Former New York Yankee first baseman Ron Blomberg made history as the first designated hitter in the major leagues.
“In 1973 I screwed up the game of baseball and I’m very proud of it, and having a Jew to do it is great,” he told the AJP in a recent telephone interview.
Blomberg — pronounced with a long “oo” despite the single “o” — explains that he’d pulled a hamstring muscle as spring training was ending. On the plane going up to Boston, manager Ralph Houk and coaches Dick Howser and Elston Howard asked if he wanted to go on the disabled list or be the designated hitter — the player who bats for the pitcher, a rule the American League adopted that year. “I told them I wanted to be the DH,” says Blomberg, who drew a walk — with the bases loaded — in his first appearance as the designated hitter at Fenway Park.
Blomberg, a member of the National Jewish Sports Hall of Fame, will tell more tales of his years as a Yankee slugger, as well as his stint managing the Israel Baseball League’s Beit Shemesh Blue Sox, at the Jewish Federation of Southern Arizona Men’s Night Out event on Thursday, April 25 at 6 p.m. at the Tucson Jewish Community Center.
For Blomberg, who grew up in Atlanta, Ga., a witness to discrimination against Jews, blacks and other minorities, playing for the Yankees was “the greatest thing in the whole world.”
He was a high school all-star in baseball, football and basketball, and had a basketball scholarship to UCLA, but then the Yankees chose him as the number one pick of the 1967 amateur draft.
“It was a no-brainer when I got drafted by them. Do I want to go up to New York, where all the Jews were, to go up there to play and feel like a role model to all the Jews? That was a very easy decision to make,” he says.
Although he experienced anti-Semitism from some major league players, and even some of the fans, Blomberg would rather talk about the joys of baseball.
His book, “Designated Hebrew,” as told to Dan Schlossberg, was published in 2006. A year later he managed the Beit Shemesh Blue Sox, taking them to the Israel Baseball League’s championship. “I won the World Series against Art Shamsky,” who managed the Modi’in Miracles, he says, still clearly delighted. “Art Shamsky was with the Mets, I was with the Yankees, and the Yankees beat the Mets.”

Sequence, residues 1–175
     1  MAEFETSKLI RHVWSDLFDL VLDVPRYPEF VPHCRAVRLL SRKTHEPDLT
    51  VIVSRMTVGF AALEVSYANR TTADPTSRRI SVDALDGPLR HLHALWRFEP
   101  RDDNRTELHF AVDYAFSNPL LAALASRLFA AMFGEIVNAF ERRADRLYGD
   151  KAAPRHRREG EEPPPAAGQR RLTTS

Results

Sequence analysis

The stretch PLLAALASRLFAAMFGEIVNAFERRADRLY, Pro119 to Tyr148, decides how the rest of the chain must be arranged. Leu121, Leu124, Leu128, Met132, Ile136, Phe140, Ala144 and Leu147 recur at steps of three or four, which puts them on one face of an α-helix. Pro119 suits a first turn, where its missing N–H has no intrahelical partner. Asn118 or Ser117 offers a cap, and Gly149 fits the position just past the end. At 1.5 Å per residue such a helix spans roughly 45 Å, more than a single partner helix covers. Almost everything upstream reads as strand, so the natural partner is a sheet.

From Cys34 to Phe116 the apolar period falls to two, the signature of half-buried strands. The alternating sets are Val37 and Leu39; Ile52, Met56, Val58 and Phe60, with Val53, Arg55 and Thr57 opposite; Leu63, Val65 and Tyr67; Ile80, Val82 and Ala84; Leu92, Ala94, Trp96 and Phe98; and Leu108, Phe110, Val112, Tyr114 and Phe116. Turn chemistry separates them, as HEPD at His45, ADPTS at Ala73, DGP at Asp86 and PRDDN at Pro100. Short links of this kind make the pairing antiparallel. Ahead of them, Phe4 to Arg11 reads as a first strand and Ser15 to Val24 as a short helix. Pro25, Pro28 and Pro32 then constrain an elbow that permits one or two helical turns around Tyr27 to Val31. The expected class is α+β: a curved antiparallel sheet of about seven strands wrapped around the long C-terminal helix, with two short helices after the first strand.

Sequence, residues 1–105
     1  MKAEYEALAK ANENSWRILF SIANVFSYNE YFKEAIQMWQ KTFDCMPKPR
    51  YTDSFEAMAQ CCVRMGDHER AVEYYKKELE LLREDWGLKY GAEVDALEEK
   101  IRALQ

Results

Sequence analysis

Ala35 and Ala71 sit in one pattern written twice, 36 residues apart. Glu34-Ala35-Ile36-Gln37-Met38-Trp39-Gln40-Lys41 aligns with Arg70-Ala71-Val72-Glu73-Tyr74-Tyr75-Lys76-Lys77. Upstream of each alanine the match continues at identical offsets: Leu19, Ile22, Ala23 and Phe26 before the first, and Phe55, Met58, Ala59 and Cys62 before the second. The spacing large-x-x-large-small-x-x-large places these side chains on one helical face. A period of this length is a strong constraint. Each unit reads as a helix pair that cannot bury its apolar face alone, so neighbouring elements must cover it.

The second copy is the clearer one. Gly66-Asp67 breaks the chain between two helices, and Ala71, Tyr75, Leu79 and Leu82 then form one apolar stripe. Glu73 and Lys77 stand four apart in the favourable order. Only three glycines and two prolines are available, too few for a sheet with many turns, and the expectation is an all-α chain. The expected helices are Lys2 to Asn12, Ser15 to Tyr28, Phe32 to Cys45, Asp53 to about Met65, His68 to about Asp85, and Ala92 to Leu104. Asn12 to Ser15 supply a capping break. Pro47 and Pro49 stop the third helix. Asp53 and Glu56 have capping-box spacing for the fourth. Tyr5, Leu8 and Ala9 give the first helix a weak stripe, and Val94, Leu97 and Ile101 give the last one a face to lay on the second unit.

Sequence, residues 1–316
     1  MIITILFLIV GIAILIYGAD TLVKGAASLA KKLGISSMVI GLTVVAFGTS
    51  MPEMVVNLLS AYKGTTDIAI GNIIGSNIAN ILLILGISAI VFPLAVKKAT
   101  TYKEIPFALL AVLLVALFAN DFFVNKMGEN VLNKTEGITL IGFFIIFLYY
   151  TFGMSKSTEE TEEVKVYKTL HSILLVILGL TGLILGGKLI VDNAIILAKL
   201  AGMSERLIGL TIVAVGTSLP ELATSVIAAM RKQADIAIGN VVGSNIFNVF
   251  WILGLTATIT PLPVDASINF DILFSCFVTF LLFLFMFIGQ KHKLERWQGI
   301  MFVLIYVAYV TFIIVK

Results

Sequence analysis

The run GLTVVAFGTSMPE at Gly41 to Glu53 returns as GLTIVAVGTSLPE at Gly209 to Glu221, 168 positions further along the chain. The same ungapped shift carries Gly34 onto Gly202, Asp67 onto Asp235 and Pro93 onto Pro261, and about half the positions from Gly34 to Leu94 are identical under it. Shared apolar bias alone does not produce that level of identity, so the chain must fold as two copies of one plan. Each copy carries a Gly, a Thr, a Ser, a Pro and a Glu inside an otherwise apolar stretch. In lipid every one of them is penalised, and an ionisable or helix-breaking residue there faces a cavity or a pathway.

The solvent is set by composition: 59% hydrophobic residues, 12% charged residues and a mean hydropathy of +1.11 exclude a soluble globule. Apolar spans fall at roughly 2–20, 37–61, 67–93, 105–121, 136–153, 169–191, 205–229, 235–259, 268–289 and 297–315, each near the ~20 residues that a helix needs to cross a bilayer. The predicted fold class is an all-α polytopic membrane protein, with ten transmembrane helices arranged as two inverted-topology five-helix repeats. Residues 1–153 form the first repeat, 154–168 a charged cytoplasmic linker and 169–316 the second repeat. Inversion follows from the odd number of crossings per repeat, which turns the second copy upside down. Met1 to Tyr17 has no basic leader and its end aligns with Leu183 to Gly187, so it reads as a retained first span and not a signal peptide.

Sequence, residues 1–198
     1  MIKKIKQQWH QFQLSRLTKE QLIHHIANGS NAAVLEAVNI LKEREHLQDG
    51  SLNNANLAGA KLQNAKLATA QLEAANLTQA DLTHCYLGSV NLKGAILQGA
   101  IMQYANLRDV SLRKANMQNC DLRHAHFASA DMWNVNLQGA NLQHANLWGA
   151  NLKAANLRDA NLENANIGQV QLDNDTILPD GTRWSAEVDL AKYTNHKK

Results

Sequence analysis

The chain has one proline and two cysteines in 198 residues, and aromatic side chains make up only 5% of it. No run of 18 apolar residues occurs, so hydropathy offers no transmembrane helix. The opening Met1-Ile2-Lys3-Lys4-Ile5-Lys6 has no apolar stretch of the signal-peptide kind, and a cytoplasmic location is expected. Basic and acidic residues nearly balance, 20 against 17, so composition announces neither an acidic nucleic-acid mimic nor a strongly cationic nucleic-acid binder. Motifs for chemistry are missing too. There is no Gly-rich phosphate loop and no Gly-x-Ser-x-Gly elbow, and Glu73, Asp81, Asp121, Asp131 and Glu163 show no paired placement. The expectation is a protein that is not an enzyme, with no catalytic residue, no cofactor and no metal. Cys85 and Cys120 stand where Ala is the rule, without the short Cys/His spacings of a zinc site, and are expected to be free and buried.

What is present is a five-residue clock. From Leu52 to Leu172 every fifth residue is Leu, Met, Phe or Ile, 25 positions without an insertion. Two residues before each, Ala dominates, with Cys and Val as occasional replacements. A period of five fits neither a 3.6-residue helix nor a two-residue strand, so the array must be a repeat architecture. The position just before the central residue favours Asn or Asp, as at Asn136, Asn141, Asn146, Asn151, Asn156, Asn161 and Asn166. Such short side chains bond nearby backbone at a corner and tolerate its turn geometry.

Israelis enjoyed the IBL, “but unfortunately it was under-capitalized and didn’t last long enough,” he says. Blomberg’s own career as a player — he also spent a year with the Chicago White Sox — was cut short due to injuries.
These days, he keeps busy with a show on New York’s WFAN radio station, a baseball camp in the Poconos, and speaking tours on behalf of the Yankees. His book is available at www.ronblombergyankees.com.
The fourth annual Men’s Night Out event also will include the presentation of the 2013 MENtor Award to Gerry Tumarkin.
“Gerry is one of those people who is always there for our community. Whether it’s in leadership for the JCC or Federation — Gerry was actually board chair of the JCC at the same time that his wife, Linda, was board chair of the Federation — through all of his years in Tucson, Gerry has always made the Jewish community a top priority in his life. Add that to the fact that he’s just a whole lot of fun to be around. It’s no surprise that the committee chose him as this year’s MENtor of the Year,” says JFSA President and CEO Stuart Mellan.
A deli dinner and beer will be served, with a vegetarian option available. Admission is $36, plus a minimum pledge of $180 to the 2013 Federation Community Campaign for men ages 30 and up. For men under 30, the minimum pledge is $36 and for students it is $18. Donations are tax-deductible. Reservations can be made at www.jewishtucson.org/mensnightout, or contact Karen Graham at 577-9393, ext. 118.